If you’ve got more questions about echocardiograms or need to schedule one at the advisement of your physician give our offices a call at 1-803-238-2300 or drop by our offices today. We’ll set you up with one of our sonographers to perform your echocardiogram and have your results in no time at all.
When your physician suspects that there may be issues regarding your heart, they may order an electrocardiogram. These tests are used to monitor the health of the heart and are commonly performed in clinics, doctor’s offices, and hospitals alike. The equipment necessary to perform this test is so accessible that they are now standard issue in operating rooms and ambulances alike. These tests are painless, noninvasive, valuable for monitoring heart health. MD First Primary & Urgent Care has this equipment in our offices and is able to perform these tests when needs dictate.
Every time your heart beats, it is because it was triggered by an electrical pulse from a special set of cells. These cells, known as pacemaker cells, are located in your heart’s upper right chamber. An Electrocardiogram, or EKG, tracks these cells and records their strength and timing as the pulses they emit travel through your heart.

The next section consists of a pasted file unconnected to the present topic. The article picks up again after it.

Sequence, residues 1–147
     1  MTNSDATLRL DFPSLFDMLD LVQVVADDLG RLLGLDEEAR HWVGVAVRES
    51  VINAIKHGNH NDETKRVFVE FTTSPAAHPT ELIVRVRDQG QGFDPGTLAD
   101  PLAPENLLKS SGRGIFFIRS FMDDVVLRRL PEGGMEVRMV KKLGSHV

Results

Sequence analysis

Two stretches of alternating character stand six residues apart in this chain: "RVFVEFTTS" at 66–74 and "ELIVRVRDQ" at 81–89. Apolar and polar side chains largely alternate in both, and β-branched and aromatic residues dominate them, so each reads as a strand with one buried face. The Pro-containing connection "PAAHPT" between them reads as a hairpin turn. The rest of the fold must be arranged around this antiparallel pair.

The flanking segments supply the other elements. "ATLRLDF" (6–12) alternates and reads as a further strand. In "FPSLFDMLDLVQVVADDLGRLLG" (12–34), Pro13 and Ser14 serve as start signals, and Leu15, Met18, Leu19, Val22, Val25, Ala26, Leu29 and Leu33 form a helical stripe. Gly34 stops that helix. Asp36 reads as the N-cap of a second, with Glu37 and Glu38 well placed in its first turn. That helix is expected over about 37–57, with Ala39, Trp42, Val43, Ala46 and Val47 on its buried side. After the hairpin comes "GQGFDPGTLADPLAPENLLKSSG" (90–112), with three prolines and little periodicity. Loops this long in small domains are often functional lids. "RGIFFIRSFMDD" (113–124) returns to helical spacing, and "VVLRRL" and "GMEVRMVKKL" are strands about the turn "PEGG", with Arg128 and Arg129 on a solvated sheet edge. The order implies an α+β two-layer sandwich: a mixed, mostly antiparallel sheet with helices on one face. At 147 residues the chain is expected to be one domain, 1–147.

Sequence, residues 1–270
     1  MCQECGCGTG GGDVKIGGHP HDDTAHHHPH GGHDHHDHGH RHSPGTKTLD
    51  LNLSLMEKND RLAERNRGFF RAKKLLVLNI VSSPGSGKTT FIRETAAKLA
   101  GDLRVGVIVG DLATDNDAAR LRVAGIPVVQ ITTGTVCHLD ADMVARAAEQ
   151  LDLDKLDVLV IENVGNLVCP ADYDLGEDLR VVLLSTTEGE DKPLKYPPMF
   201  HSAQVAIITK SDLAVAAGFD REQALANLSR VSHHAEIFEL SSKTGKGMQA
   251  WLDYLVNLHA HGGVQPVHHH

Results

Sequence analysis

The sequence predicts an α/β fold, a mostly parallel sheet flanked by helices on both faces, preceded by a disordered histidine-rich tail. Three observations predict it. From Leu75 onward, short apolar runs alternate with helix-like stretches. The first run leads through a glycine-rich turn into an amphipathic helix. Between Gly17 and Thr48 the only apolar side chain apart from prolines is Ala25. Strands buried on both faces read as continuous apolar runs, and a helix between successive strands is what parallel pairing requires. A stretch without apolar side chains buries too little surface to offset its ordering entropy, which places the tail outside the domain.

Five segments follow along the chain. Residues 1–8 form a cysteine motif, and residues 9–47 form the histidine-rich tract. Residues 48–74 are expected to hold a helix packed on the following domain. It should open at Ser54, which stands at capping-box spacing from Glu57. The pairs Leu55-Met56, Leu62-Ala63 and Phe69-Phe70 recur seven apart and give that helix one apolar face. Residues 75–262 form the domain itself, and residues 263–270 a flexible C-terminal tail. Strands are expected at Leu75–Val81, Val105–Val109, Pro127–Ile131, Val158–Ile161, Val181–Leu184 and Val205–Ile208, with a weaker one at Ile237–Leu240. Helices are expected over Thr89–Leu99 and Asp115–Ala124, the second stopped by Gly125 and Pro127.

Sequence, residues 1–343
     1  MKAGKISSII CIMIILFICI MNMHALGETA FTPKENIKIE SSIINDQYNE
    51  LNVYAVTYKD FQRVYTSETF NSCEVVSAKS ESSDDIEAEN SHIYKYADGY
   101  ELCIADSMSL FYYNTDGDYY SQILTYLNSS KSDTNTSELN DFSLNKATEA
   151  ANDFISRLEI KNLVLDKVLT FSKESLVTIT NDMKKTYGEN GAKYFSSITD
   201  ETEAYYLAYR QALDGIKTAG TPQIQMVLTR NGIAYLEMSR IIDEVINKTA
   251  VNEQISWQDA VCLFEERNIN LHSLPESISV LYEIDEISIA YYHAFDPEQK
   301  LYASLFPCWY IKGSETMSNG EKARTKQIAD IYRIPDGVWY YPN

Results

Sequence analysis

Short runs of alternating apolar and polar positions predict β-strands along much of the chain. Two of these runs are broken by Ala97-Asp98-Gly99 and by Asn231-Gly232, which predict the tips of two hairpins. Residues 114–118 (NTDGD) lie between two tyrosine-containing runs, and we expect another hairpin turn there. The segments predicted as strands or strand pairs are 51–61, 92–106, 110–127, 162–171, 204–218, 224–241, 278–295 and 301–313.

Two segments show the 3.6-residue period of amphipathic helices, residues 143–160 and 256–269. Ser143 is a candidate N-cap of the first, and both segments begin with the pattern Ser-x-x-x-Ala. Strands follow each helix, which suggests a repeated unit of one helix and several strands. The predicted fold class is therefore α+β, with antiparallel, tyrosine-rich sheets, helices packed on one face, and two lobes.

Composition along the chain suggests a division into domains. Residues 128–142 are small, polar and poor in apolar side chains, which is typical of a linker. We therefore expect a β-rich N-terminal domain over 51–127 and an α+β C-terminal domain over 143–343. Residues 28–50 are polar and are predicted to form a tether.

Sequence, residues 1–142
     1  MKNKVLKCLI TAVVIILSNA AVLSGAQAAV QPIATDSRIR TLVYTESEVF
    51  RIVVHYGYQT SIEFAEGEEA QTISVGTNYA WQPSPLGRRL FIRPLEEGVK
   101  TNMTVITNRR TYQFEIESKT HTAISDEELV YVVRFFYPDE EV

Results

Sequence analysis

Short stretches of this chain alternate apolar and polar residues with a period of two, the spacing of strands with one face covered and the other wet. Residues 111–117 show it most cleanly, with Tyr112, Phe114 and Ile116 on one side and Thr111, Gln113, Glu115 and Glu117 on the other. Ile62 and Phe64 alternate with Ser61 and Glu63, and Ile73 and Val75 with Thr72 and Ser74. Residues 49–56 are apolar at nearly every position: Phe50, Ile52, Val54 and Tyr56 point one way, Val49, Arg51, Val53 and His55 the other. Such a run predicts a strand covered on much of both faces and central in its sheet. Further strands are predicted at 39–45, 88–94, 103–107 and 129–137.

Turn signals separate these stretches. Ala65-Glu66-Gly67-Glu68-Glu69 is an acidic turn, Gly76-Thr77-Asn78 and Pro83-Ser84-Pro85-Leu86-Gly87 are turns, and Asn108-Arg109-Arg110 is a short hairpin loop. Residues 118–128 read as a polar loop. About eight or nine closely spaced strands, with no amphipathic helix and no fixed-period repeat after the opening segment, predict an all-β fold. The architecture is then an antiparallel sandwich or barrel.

You may see this term in your doctor’s notes or in medical documentation. The term comes from the fact that an EKG measures 12 separate parts of the heart using ten electrodes placed around your chest and limbs. The resulting data is presented as a graph of waves, with the patterns indicating the various phases of your heartbeat. A typical EKG can only reveal abnormal heart rhythms if you’re undergoing the test when it happens. As abnormal heartbeats may not be constant, there are other forms of EKG that may be used depending on your condition.